Mastering the Psychology of Buyers
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Mastering the Psychology of Buyers

Mastering the Psychology of Buyers

Editor's note: After years of writing columns for our Franchise Update magazine, the author selected this column as one of his 3 all-time favorites. It's one of ours too, so we're rerunning it here (with updated numbers) as an FUSR "classic."

Once a salesman complained, "What an idiot! I can't believe my prospect went with our competition." In quizzing him about the lost candidate, the troubled rep was clueless about the buyer's motivations, concerns, and goals in owning a business. My question is, "Was it the buyer or the sales rep who was the idiot?"

In today's change-prone economy, sales pros gain the edge by moving directly into their prospect's world. They probe, read, adapt, and outsell their competition by fully understanding and responding to how their candidates think and behave. Here are selling insights that may help increase your recruiting success.

  • Buyers expect responsiveness. Today franchise follow-up is still in crisis mode. According to Franchise Update Media's 2018 Annual Franchise Development Report, late or no callbacks/responses to email requests, phone calls, and web applications are a continuing problem; too many respondents are immediately thrown into voicemail jungle; and inquiring prospects, if lucky, may receive correspondence several days later. At a $112 average cost per lead, many brands are losing potential deals. The "first to the door" sales pros are winning the development race.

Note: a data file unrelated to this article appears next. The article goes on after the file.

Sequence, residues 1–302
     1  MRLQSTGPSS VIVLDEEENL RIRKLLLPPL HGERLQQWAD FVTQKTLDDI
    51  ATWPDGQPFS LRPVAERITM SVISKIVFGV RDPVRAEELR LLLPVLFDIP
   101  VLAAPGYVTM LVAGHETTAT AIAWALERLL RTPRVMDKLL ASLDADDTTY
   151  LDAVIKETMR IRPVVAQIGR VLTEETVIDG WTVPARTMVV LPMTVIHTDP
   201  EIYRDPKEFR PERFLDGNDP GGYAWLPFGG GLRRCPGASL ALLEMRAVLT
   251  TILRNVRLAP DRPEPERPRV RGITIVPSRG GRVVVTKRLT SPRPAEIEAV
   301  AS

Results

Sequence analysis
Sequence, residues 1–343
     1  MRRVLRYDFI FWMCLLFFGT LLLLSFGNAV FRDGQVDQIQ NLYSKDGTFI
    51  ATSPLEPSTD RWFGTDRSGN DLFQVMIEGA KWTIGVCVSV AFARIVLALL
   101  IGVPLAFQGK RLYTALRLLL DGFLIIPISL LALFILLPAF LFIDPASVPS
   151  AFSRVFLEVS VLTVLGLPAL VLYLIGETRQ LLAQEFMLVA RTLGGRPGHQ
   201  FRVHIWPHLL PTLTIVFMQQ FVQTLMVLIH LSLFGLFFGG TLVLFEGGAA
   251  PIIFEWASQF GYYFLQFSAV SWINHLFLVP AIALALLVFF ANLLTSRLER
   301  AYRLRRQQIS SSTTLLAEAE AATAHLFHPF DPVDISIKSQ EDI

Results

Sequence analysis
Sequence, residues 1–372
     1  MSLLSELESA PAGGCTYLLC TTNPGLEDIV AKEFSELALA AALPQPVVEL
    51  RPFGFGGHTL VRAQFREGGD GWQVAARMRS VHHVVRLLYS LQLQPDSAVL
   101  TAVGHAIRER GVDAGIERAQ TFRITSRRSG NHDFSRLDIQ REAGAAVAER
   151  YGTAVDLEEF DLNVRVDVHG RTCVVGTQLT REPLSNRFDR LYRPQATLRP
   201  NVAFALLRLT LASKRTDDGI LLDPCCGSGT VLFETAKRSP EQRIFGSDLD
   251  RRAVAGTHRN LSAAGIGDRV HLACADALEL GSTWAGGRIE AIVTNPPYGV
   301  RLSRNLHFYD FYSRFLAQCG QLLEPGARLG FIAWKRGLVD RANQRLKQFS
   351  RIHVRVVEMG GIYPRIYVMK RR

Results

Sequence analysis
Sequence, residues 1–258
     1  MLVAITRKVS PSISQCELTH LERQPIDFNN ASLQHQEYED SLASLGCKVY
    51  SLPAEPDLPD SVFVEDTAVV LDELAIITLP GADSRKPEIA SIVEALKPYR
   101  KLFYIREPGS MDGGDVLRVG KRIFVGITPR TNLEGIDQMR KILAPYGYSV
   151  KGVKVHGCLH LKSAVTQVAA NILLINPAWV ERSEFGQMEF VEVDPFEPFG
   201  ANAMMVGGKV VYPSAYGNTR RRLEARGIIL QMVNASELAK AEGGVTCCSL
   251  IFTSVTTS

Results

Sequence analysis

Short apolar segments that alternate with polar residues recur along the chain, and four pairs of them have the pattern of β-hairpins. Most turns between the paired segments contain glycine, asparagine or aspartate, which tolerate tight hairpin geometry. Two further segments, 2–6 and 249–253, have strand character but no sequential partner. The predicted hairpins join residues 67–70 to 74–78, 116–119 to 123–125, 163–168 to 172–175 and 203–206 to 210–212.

• Buyers are seeking a relationship. Franchising is people-driven, not product-driven! Buyers smell product-pushers 10 miles away, which is why many sales people fail at selling franchises. You'll outperform competitors by focusing on a prospect, their families, aspirations, and the health and wealth of their futures. By gaining their credibility, confidence, and trust, you're in the driver's seat.
  • Buyers don't know how to buy a franchise. Most of your prospects haven't purchased a franchise before, so how would they know how to go about it? You're the expert, not them. It's your role to take control of the investigation through leadership. If you don't, they will! If you fail to define the steps and timeline of your buying process early on, they'll create their own, which in most cases leads to confusion, uncertainty, and lost deals.
  • Buyers are highly impressionable and fragile. Every word you utter to a prospect is recorded in their memory. What you say and do will greatly influence their investigation. Minor errors have major impact, e.g., when your investment costs don't match your brochure estimates; when you take 2 days to return their phone call; when you misspell their name on your follow-up correspondence; when you ask the same question twice; or when you're 15 minutes late picking them up at the airport.